and other groups had engaged in terrorist attacks, but
claimed that the information was unreliable at the time due
to misinformation spread by the Irian government. (DE 21-1,
at 50). He claimed that while he distributed literature, he
was never affiliated with or a member of the MeK (DE 21-1, at
45). He stated that he ceased distributing political
literature in 1985 due to his fear of persecution for being a
member of an opposition group. (DE 21-1, at 53). And,
finally, he claimed that he was never a member of the FeK,
although he supported their political goals and attended
their meetings. (DE 21-1, at 54).
application went unadjudicated for another six years and, in
March 2013, he filed a pro se complaint in federal
district court seeking to compel USCIS to decide his
application. The court issued an order on April 3, 2014
requiring USCIS to adjudicate Hosseini's application
within 60 days. Hosseini v. Napolitano, 12 F.Supp.3d
1027 (E.D. Ky. 2014). On May 5, 2014, USCIS issued a notice
of intent to deny Hosseini's application to adjust status
on the basis that he was inadmissible under 8 U.S.C. §
1182(a)(3)(B)(i)(I) because his distribution of literature
for the FeK and MeK constituted engaging in terrorist
activities under § 1182(a)(3)(B)(iv)(VI)(dd). (DE 21-1,
at 36-38). Hosseini filed a timely response to the notice of
intent to deny, arguing that he was not inadmissible because
he was not a member of the FeK or MeK, he lacked knowledge of
their terrorist activities, and his actions did not
constitute material support of the organizations. He also
argued that USCIS was collaterally estopped from denying his
application because of its previous finding that he was an
admissible asylee. (DE 21-1, at 7-11). On July 18, 2014, a
decision was entered addressing Hosseini's response and
denying his application for permanent resident status. (DE
21-1, at 2-6).
filed the present action seeking review of USCIS's denial
of his legal permanent residence application on October 28,
2014. The Sixth Circuit determined that this Court has
subject matter jurisdiction over Hosseini's claim and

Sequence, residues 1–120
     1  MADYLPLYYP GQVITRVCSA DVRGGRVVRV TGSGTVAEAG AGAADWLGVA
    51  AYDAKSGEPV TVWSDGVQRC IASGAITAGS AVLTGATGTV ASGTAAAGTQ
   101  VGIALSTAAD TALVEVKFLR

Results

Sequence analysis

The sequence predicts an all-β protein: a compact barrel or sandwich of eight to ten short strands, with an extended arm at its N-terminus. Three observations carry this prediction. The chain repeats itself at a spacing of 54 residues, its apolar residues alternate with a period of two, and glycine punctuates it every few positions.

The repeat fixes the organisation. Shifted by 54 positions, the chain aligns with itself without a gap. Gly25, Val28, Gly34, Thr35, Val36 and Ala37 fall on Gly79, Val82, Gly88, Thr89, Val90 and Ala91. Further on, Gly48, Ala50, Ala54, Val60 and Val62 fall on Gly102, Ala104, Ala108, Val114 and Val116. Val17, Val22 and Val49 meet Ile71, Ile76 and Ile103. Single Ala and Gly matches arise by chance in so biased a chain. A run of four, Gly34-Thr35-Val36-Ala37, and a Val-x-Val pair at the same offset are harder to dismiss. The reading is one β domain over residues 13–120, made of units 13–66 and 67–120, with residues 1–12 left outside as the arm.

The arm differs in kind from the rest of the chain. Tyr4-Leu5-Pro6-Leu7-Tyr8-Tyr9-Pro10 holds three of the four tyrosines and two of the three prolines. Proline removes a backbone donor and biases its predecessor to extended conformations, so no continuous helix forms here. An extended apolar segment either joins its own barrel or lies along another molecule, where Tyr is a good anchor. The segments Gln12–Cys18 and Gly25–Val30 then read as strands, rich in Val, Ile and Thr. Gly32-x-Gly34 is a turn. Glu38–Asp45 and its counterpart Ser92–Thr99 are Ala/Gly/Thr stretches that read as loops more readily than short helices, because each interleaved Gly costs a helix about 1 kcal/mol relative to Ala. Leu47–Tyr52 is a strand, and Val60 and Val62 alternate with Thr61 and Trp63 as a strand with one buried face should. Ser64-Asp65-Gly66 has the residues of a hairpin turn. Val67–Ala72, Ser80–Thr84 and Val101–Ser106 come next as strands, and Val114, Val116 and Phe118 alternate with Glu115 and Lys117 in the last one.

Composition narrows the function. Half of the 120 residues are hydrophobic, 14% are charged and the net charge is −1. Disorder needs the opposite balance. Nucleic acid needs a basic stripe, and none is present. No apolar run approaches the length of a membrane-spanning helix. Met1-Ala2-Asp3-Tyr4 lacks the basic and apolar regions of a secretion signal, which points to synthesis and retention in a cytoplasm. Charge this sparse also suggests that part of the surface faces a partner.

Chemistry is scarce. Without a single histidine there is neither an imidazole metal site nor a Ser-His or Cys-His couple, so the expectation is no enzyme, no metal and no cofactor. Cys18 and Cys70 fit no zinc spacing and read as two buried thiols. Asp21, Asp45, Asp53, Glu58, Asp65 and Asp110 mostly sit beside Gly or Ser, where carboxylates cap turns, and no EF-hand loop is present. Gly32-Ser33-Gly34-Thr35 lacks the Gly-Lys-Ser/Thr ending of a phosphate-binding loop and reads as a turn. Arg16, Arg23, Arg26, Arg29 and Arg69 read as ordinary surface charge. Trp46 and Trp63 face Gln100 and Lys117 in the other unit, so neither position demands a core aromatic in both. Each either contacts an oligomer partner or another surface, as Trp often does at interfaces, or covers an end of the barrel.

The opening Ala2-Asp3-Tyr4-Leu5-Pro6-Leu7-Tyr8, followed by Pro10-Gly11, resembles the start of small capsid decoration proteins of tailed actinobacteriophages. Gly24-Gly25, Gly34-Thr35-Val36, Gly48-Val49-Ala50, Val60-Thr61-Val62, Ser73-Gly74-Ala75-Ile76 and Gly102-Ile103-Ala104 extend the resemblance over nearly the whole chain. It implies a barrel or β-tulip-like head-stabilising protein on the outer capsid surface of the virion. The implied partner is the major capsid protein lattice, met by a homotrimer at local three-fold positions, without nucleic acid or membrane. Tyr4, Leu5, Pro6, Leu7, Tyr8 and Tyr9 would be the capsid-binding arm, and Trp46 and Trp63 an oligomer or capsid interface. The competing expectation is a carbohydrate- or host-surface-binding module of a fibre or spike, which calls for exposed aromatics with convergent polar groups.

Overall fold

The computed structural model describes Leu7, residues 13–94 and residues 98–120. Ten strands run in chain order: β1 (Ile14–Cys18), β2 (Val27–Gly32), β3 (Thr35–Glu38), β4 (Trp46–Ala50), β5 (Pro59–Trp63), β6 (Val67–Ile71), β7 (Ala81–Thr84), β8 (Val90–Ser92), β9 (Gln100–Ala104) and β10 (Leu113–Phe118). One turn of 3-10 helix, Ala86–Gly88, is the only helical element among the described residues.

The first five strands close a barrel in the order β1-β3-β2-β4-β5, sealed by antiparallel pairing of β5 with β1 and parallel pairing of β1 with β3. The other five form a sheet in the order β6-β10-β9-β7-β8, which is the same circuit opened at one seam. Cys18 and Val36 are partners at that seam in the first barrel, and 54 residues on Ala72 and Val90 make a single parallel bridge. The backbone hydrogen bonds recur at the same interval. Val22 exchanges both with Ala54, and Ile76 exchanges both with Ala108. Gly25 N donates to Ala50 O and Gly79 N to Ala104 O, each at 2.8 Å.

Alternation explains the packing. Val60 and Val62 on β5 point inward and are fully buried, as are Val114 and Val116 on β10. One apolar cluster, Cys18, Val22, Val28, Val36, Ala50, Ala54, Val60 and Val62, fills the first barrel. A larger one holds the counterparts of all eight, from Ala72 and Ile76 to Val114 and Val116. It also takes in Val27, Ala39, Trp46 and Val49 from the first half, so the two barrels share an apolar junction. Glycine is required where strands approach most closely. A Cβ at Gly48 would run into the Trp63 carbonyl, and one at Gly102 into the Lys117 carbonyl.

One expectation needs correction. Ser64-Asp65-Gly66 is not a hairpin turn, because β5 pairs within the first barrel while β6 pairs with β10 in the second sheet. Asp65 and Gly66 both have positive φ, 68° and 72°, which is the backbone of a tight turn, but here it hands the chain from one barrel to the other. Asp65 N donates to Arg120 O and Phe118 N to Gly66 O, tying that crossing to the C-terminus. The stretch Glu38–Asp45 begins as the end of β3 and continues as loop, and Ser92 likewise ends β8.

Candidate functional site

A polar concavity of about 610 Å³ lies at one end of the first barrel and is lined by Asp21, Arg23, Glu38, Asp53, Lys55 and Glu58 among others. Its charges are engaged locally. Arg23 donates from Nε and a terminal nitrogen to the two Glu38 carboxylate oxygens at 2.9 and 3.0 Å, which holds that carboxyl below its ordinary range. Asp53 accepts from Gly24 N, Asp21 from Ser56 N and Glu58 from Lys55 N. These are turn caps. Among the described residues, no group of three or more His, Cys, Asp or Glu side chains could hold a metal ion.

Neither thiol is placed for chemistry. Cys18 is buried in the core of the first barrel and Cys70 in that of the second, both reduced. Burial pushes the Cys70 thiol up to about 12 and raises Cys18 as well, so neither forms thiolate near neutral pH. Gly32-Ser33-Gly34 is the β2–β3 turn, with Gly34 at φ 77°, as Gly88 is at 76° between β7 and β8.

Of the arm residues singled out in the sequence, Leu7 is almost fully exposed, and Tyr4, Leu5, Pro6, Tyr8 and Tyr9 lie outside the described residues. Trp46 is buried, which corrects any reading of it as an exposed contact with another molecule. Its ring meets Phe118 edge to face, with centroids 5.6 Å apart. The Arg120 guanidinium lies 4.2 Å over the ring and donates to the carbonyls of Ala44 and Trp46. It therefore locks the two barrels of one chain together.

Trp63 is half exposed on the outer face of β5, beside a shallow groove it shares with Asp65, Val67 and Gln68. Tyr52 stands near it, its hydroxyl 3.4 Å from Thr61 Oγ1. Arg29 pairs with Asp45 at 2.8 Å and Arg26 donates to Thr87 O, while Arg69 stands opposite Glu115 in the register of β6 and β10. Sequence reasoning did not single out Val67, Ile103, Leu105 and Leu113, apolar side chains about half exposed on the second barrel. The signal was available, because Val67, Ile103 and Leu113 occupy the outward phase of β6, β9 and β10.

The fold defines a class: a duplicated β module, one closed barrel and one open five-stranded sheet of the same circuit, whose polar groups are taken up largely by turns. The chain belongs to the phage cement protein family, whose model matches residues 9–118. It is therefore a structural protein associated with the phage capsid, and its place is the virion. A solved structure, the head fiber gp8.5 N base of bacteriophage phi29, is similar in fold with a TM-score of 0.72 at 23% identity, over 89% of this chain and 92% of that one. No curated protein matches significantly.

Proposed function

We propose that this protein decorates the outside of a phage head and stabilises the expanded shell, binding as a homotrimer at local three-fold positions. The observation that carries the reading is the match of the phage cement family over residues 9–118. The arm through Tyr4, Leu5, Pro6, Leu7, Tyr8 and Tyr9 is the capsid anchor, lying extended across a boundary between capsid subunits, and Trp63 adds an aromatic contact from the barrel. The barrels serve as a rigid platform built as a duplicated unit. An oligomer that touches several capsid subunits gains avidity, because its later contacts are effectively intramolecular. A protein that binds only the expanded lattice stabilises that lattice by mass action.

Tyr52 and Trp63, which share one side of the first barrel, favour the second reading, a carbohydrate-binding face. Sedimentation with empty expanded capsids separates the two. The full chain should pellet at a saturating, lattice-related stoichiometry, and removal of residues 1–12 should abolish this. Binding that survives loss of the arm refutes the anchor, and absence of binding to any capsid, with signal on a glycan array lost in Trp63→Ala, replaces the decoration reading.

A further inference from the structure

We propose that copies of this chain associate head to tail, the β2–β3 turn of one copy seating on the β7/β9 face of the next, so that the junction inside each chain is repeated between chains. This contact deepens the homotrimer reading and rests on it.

that USCIS's denial of Hosseini's application was a
“final agency action” within the meaning of the
Administrative Procedure Act (“APA”).
Hosseini v. Johnson, 826 F.3d 354 (6th Cir. 2016).
Hosseini filed a motion for summary judgement on February 1,
2017 (DE 24) that is now ripe for review.
Standard of Review
is entitled to summary judgment if “the movant shows
that there is no genuine dispute as to any material fact and
the movant is entitled to judgment as a matter of law.”
Fed.R.Civ.P. 56(a). Under the APA, review of a final agency
action is limited to whether the decision was
“arbitrary, capricious, an abuse of discretion, or
otherwise not in accordance with law.” 5 U.S.C. §
706(2)(A). An agency's decision is arbitrary or
the agency has relied on factors which Congress has not
intended it to consider, entirely failed to consider an
important aspect of the problem, offered an explanation for
its decision that runs counter to the evidence before the
agency, or is so implausible that it could not be ascribed to
a difference in view or the product of agency expertise.
City of Cleveland v. Ohio, 508 F.3d 827, 838 (6th
Cir. 2007) (quoting Motor Vehicles Mfrs. Assoc. v. State
Farm Mutual Auto. Ins. Co., 463 U.S. 29, 43 (1983)). An
agency action is not in accordance with the law “when
it is in conflict with the language of the statute relied
upon by the agency.” Id. The scope of this
standard of review is narrow and the Court is not permitted